"The debate will put Centre and Danville and the entire state of Kentucky on the world stage in 2008, like the 2000 debate did, and the Games will put Lexington and the state on the world stage in 2010," he said. "In both cases, the state is making investments in private concerns that will benefit the public at large."
Buford agreed that the debate would "again showcase the college and the community" and would be a "good return on a state investment."
Expect to have a hard time
But he and Harmon expect to have a hard time making the case for the request - even if they're given the opportunity.
"I have concerns that Democratic leaders in the House will not want to fund this or any other request just because the requests are being made by a Republican governor running for a second term," said Harmon. "The request may not make it out the House Appropriations and Revenue Committee."
Buford predicts "there is a 75 to 80 percent chance that the money for Centre, and the money for most of the other items on the list, will win approval.
"In fact, I don't think most, if any, of the projects will even make it out of the House A and R and go to the floor of the House, much less even get to the Senate," said the member of the Senate A and R Committee.
Buford said much of his pessimism is based on the fact that the session is being held at a "highly political time" with an incumbent Republican governor seeking re-election and Democratic legislative leaders not wanting to fund projects that might be popular with voters.
"This comes at a difficult time with politics at a fever pitch," he said. "Democrats don't want to raise the level of electability for a Republican governor wanting a second term, and that's what the funding of popular state projects tend to do."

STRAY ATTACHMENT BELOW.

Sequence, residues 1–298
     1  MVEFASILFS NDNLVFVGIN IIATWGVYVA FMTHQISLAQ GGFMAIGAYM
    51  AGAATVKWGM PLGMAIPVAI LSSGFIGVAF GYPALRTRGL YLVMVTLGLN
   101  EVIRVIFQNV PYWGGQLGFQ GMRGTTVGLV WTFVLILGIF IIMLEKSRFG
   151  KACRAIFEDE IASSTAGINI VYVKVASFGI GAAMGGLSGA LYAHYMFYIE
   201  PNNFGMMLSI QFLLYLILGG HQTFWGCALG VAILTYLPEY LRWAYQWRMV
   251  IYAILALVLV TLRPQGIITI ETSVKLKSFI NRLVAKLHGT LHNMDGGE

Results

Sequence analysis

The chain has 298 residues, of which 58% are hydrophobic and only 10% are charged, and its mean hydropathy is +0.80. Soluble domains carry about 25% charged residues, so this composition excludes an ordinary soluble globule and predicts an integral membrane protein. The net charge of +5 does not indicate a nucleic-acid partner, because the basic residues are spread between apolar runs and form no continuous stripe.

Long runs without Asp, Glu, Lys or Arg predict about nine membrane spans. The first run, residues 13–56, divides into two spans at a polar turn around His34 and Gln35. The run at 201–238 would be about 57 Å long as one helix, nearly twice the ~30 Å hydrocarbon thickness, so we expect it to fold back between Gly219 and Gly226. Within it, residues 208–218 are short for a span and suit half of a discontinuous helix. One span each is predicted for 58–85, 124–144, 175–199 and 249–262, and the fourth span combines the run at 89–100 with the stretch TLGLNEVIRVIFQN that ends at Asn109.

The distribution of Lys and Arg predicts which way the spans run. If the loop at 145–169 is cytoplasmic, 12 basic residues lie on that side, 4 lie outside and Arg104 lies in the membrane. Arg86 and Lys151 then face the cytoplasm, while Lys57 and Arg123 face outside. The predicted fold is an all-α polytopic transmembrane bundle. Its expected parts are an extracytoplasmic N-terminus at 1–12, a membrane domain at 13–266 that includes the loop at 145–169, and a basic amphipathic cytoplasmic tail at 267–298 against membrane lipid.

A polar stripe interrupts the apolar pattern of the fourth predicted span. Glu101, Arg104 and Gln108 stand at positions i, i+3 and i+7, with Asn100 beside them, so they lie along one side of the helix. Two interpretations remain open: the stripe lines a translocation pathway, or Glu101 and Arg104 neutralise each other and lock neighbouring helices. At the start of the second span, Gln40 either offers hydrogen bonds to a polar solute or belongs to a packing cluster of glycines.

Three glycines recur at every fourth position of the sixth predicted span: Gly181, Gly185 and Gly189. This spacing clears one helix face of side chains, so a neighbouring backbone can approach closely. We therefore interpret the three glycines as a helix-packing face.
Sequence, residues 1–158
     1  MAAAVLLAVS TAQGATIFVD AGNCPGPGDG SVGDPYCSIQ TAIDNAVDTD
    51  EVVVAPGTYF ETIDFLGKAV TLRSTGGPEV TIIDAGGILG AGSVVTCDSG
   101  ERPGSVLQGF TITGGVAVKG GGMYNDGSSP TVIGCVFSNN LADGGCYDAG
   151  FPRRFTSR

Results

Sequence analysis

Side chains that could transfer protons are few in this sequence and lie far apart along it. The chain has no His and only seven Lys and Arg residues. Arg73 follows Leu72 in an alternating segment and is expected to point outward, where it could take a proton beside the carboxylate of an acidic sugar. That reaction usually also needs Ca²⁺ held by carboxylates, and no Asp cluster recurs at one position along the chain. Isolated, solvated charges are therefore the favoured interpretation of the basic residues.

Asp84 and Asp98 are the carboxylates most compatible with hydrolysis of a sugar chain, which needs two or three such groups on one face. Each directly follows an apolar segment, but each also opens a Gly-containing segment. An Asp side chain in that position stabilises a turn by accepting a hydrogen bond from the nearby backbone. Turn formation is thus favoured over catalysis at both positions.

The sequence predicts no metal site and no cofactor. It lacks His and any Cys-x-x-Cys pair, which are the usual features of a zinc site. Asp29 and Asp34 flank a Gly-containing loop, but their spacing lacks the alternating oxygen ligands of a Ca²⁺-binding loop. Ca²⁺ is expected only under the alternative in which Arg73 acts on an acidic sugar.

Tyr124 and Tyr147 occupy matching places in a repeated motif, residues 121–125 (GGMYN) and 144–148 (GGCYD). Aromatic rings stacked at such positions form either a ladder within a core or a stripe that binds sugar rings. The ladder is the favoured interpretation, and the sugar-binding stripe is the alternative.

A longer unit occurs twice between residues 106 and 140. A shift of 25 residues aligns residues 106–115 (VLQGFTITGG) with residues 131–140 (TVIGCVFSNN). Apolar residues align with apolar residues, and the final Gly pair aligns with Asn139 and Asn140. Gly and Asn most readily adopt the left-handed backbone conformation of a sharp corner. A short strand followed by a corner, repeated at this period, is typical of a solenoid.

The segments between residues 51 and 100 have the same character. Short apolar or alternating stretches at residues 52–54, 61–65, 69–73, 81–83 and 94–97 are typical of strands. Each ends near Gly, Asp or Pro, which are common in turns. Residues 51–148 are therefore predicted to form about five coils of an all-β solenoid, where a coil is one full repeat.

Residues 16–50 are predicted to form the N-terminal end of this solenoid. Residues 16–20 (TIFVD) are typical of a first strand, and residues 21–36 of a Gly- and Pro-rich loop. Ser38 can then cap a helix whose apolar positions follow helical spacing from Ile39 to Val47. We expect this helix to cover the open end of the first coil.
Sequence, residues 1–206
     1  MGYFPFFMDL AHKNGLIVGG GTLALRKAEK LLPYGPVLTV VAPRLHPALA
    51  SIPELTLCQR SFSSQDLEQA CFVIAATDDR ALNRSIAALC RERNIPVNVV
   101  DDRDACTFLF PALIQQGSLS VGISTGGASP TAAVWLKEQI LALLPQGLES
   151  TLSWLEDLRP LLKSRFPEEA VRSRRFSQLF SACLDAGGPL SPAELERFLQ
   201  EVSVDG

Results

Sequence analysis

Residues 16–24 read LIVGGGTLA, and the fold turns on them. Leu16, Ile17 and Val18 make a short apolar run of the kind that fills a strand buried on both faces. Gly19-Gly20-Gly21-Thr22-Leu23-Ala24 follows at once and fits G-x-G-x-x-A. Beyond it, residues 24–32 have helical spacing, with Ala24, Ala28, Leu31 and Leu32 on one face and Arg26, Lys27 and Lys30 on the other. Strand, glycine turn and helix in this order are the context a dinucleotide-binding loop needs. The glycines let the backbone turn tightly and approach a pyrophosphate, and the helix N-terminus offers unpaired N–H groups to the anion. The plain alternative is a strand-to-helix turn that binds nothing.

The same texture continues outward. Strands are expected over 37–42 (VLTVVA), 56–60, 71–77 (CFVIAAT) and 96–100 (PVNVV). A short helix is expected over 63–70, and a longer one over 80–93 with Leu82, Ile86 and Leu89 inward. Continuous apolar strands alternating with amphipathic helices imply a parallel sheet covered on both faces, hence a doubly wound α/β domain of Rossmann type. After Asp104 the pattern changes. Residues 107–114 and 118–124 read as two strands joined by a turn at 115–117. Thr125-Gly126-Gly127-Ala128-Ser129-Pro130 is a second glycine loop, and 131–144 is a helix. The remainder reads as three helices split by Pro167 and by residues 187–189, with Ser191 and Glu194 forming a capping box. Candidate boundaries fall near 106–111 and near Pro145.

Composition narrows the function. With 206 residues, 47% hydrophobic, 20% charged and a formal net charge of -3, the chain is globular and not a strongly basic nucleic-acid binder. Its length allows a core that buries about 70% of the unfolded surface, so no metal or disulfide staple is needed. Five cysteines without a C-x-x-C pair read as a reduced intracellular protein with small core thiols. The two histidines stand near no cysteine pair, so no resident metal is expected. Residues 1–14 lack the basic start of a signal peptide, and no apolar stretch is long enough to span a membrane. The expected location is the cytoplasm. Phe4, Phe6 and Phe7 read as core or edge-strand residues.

But Buford also acknowledged that legislators of both parties outside of Boyle County might have legitimate concerns about providing state money for "what they see as a piece of pork" for an affluent private college in Danville.
"While I support (the request for Centre) as a wise investment, I understand the concerns that this is not an emergency and that this is money that is going for a private college that is well-endowed," he said.
Comments Tuesday by Rep. Harry Moberly, D-Richmond, head of the House Appropriations and Revenue Committee, bore out Buford's concerns.
Moberly, whose committee will be the lead legislative panel in deciding the fate of Fletcher's list of projects, said Centre "may be in better shape than the state is."
Centre has an endowment of about $203 million.
Centre is one of 19 colleges and community organizations around the country that have applied to host a general election debate sponsored by the Commission on Presidential Debates.
The CPD is to announce the hosts of the debates - probably three presidential debates and one vice-presidential debate - in September.
The college has put together a $2.6 million budget for the debate with $1.35 million of that earmarked for the fee each applicant must pay to the CPD.
In figuring the budget, the college is assuming the total expenses of the debate would be double the amount of the fee, as it was when Centre hosted the 2000 vice-presidential debate, according to Richard W. Trollinger, vice president for college relations who is co-chairman of the debate steering committee.
Assistance outside private funding base
"In 2000 the applicant fee was $550,000, but the event ended up costing about $1 million," Trollinger said. "So when we calculated our expenses for a 2008 debate, we took the $1,350,000 fee and doubled it to make the budget $2.6 million."
In 2000 the college raised all of the $1 million it spent on the vice-presidential debate from Centre donors and other private sources. But this time the steering committee determined that it would need assistance outside of its private funding base to meet its $2.6 million budget, said Trollinger.
"We decided we needed to form a partnership with the state and have the state not only provide money for the debate but also serve as a co-host," he said.